I found myself trying to revert to one of my go-to moves of trying to get on top of my opponent and punching down to try and get a quick knockout, as I never found it enjoyable trying to move into an actual submission attempt to make my opponent tap out. Once you’ve locked in a submission like an armbar, another mini-game triggers, where you must move the right stick in a direction of your choosing, while your opponent has to move it in the same direction to try and counter you. This happens for a few stages (unless your opponent is very worn down) until they tap, or the hold gets broken. To put it bluntly, it’s not fun, and is the same complaint I had with UFC 2. Given how much fun these moments can be to watch live, it’s a shame that it’s been reduced to such a boring, repetitive mechanic.

“You never feel too bogged down in menus, which keeps things moving at an enjoyable pace with relevant rewards”

There are several game modes available once you’ve gotten used to the controls, with the G.O.A.T. Career Mode likely being where you’ll spend the majority of your time. You must upgrade your stats and win fights as a newbie in the regional circuit before Dana White offers you a UFC contract so that you can work on your path to championship glory. In-between bouts you can train at the gym, whether via simulated skill point allocation, sparring with an opponent or other challenges, along with juggling your social media to build fight hype and get more fans. You never feel too bogged down in menus and the gaps between fights are pretty short (as they should be), which keeps things moving at an enjoyable pace with relevant rewards.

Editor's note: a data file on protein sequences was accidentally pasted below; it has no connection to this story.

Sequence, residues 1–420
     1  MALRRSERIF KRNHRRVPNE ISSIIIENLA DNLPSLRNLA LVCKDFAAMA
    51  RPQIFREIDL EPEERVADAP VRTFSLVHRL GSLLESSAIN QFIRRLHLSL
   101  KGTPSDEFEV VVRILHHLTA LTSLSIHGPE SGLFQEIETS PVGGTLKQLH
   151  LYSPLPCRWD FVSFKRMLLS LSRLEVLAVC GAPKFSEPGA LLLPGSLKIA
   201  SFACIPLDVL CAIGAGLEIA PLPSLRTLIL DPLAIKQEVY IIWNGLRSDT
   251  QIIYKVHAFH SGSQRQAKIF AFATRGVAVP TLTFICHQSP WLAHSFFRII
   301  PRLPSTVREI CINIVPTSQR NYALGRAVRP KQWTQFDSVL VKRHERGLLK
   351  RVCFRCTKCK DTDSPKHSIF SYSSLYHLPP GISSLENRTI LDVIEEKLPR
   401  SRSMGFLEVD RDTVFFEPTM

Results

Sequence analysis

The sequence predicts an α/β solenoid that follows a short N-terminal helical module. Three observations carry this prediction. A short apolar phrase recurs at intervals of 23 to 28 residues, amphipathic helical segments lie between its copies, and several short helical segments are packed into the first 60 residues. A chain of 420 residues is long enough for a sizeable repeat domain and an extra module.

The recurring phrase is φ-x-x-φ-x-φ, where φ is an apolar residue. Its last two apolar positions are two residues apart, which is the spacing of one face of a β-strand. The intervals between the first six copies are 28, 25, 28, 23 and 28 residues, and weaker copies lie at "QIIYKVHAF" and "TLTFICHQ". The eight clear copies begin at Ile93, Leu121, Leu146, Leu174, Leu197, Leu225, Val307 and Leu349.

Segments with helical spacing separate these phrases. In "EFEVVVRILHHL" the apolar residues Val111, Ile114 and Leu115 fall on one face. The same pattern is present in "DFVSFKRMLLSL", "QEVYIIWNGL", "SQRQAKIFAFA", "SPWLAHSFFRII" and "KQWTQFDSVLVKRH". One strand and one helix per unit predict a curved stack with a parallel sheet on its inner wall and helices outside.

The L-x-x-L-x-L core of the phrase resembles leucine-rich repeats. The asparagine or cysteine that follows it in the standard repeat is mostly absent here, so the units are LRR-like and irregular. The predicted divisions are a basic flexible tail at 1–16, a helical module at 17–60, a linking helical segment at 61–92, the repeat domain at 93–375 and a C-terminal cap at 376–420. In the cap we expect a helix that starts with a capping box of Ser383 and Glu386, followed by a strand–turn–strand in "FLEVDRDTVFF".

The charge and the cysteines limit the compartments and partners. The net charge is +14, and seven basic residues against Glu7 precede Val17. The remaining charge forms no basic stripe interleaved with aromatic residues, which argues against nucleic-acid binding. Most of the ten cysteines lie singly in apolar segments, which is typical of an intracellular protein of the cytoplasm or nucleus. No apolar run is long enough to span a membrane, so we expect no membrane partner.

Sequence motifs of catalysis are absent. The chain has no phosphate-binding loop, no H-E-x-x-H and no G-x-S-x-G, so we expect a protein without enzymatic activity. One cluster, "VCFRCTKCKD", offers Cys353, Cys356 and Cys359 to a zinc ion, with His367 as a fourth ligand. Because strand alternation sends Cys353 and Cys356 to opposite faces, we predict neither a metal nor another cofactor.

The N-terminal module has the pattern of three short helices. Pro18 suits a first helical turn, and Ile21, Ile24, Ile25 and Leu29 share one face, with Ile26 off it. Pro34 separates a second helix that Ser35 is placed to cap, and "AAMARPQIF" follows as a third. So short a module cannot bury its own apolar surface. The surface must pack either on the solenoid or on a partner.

Ultimate Team makes its return, featuring a combination of fighting and… booster packs with cards representing fighters and moves. There are micro-transactions to purchase card packs with real world money, but before you get your pitchforks out it should be noted that you can earn these with in-game currency as well. I spent plenty of time in Ultimate Team without spending a dollar. Assigning blank fighters a range of moves and perks based on the luck of the draw is fun at first but I didn’t find it anywhere near as captivating as the career mode, with the randomness of the card packs rendering most of them to have little meaning.

There’s a range of multiplayer modes as well as offline modes that test you on specific disciplines such as Stand and Bang (yep) that allows you to focus entirely on striking, with Submission Showdown aiming at the ground game (but I’m not sure I’d want to spend much time there unless practicing). Knockout Mode has you trying to KO opponents with a certain number of strikes and includes commentary from Snoop Dogg for some reason, which I guess is cool if you like him but wasn’t a selling point for me personally.


  • Realistic presentation
  • Striking system and animations overhauled
  • G.O.A.T. Career is fun and varied


  • Submissions are boring
  • Ultimate Team feels hollow

EA Sports UFC 3 takes some steps in the right direction with an enjoyable career mode a revamped striking game that feels fluid and exciting with momentum that builds as you look for that sweet combination that will have your opponents seeing stars. The flip-side is that the submission game is stale and frustrating, almost to the point that I wish it wasn’t there; it’s a huge part of UFC and MMA in general, so I’d love it if the same attention was paid to revamping that system in the inevitable sequel.  Even with its flaws, there’s no denying the high presentation quality is going to put a smile on fans faces. Overall, EA Sports UFC 3 just isn’t quite the knockout that it could have been.